As symbols of humanity, there are plenty of male and female connections to them. However, there are very specific demonstrations of female links that seem to be repetitive in Western culture. I’d like to examine these through the lens of the Greek myth of Daphne, the nymph lustfully pursued by Apollo until she is transformed into the laurel tree in order to escape. It is a timely myth to revisit for the modern audience, as many women via the Me Too movement have spoken out against male sexual misconduct, particularly from powerful men. It has spurred not only conversations on the sexual harassment, pressure and assault on women, but questions concerning sex and power dynamics.
In Greek mythology, there are plenty of stories that feature a deity and a mortal love-interest. In many cases, the female mortal or lesser immortal (such as a nymph) is unwilling, and is subsequently seduced, pressured, tricked or raped into compliance to the god’s desires. Frequently, these women become pregnant from the encounter and face tragedies or suffer greatly because of it. Because of this, it is not surprising that women would spurn interest from a god as at least an unwelcome complication, or greater, a life-threatening or ruining possibility.
Daphne, faced with Apollo’s lust (which is sometimes described as love but is clearly of a purely sexual nature) rebuffs him because she has declared a life free from the complications of men in the model of the goddess Artemis. Daphne treasures her freedom and lives a life hunting and roaming free in the woods. Edith Hamilton remarks that Apollo saw Daphne in a state of physical disarray while she hunted, yet he was entranced saying, “what would she not look like properly dressed and with her hair nicely arranged?”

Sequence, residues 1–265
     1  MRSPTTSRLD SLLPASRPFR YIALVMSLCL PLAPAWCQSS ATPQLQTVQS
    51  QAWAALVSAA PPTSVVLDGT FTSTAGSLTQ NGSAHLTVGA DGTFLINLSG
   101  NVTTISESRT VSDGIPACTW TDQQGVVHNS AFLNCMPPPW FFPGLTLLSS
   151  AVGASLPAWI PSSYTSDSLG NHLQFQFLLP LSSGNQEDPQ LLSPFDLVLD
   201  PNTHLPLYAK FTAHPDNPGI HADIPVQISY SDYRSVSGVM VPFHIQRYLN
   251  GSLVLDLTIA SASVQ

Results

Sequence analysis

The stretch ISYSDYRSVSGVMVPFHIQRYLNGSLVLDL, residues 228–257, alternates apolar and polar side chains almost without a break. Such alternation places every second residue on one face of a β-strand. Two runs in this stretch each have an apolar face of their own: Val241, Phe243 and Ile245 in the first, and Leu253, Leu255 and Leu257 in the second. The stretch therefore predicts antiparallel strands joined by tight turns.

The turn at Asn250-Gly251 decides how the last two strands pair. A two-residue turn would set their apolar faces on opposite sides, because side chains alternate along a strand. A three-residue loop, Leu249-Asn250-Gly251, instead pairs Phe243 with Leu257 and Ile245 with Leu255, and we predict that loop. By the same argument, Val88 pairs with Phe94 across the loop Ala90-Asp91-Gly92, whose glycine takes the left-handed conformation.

This is a significant statement, as it alludes to “taming” something wild. The trappings of civilization, where society will ultimately insist on marriage, childbirth and domestic activities for women, are all things Daphne wishes to avoid. The pursuit of Apollo can be symbolic of the pursuit of society for women to acquiesce with societal expectations. Further, submission to male authority.
Daphne is described as athletic and when she flees, she gives a difficult pursuit for Apollo. But he is ultimately a god, so he is able to gain ground on her. Despite Daphne’s abilities, she cannot escape Apollo’s will. We could read this as despite female abilities and potential, women cannot escape society’s will.
Except Daphne does escape. She escapes by changing form, calling upon her father who transforms her at the last minute into a laurel tree. At this point, the myth describes Apollo’s continued “love” for her and elevation of the laurel tree in his esteem. But that glosses over the significance of Daphne’s shape-shifting as a proclamation of both the extremes women’s struggle with patriarchal cultural construction as well as a dire but possible avenue of escape. Daphne’s transformation makes her untouchable, even from men of power.
But what does that mean?
The cover of trees in both history and storytelling have provided exiles from society to
practice religions of their choosing, avoid capture and to create new lives. We might first think of Robin Hood’s Band of Merry Men. Yet it is the overtures of female mysticism that are strongly associated with the woods. In Western lore, the image of the forest dwelling witch pervades mythologies, fairytales and later religious persecution. In the latter, late medieval and early modern witch-hunts believed that women witches held ecstatic gatherings in the woods under the cover of darkness where they dedicated themselves to and engaged in sexual acts with Satan. The Maenads, the cult of Dionysius (or Bacchus in the Roman period) featured similar ecstatic and sexual forest gatherings of mostly women that often resulted in acts of violence.